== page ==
Running backs: Lavon Colelman. That is all that needs to be said about this group, but because UWDP readers expect more than just two words per group, I guess I should expand a little bit. Coleman put together the best game of his Husky career so far, totaling 181 yards and one touchdown, which came on a pivotal 56 yard touchdown run that put the Huskies up 28-21 late in the fourth quarter. He looked like an elite running back as he displayed great vision and hit the open holes decisively. Not only that, but he also showed a very impressive burst once he got to the second level. Finally, Coleman did a remarkable job keeping his legs moving after first contact, best exemplified by his first down run in overtime. He was hit around the ten yard line and dragged multiple Arizona defenders nearly six yards. He looked determined to score that ball and nearly did, as he set up the Huskies game winning touchdown score. It was an absolutely phenomenal game for Coleman, who has obviously put in a tremendous amount of work transforming his body this off-season, and that hard work paid off Saturday.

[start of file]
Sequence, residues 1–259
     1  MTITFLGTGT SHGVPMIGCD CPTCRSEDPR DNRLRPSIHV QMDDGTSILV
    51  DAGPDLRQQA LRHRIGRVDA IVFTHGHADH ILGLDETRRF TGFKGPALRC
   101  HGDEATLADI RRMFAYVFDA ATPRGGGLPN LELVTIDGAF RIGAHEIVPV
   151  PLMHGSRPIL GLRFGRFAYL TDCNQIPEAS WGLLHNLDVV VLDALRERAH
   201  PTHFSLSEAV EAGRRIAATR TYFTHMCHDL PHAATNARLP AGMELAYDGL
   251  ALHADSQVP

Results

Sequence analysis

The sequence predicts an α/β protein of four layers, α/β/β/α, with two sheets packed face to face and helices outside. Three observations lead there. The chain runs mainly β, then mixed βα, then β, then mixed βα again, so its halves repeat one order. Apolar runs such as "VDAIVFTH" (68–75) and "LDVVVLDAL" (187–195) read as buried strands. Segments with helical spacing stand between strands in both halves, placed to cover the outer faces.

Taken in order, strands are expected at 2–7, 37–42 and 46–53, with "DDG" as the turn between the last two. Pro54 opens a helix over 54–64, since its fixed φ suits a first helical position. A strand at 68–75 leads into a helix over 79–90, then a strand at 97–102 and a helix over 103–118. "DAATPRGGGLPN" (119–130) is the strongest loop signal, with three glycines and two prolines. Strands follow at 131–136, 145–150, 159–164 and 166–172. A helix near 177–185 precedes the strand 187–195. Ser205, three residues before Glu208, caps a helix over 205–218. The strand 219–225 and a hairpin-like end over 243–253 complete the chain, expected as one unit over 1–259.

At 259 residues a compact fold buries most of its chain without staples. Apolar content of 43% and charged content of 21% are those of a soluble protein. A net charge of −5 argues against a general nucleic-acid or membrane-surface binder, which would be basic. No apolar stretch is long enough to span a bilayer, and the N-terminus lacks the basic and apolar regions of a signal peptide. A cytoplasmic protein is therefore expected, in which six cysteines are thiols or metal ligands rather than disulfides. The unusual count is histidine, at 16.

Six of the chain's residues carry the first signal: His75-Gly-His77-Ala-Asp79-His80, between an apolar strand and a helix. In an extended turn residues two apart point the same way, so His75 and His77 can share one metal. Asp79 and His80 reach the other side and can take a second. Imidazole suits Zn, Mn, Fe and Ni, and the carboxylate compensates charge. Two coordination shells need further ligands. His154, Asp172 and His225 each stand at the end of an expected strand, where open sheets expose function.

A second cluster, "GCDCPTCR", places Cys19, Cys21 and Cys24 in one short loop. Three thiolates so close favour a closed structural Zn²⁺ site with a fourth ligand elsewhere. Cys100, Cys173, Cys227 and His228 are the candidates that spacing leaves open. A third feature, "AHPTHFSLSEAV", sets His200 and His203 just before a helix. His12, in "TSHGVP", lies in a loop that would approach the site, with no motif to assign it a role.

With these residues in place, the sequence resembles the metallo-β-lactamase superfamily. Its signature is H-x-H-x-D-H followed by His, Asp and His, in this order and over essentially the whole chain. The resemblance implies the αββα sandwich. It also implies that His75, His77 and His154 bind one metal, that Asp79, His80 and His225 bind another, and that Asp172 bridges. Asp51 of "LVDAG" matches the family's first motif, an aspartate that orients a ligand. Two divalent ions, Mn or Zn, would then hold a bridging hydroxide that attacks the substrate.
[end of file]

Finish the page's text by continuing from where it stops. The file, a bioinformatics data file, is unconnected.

While Coleman’s performance left Huskies fans ecstatic, Myles Gaskin’s performance left most fans perplexed, and slightly concerned. On paper, Gaskin’s performance was far from poor, as he finished the game with 85 yards on 24 carries. However, it was the way it looked that left fans concerned. The sophomore running back seemed to lack the vision that made him so successful last season, as he missed multiple open holes. When he did find the open holes, he seemed to hesitate a bit, which limited his ability to break off the game breaking runs fans have come to expect from number 9. He also seemed to get taken down by arm tackles more often than normal, and also came up a bit hobbled multiple times.The Huskies are still waiting on Myles to put together a truly dominate performance, and the Huskies will need their star sophomore running back to up his game if the Huskies are going to contend for the Pac-12 North title. Grade: A-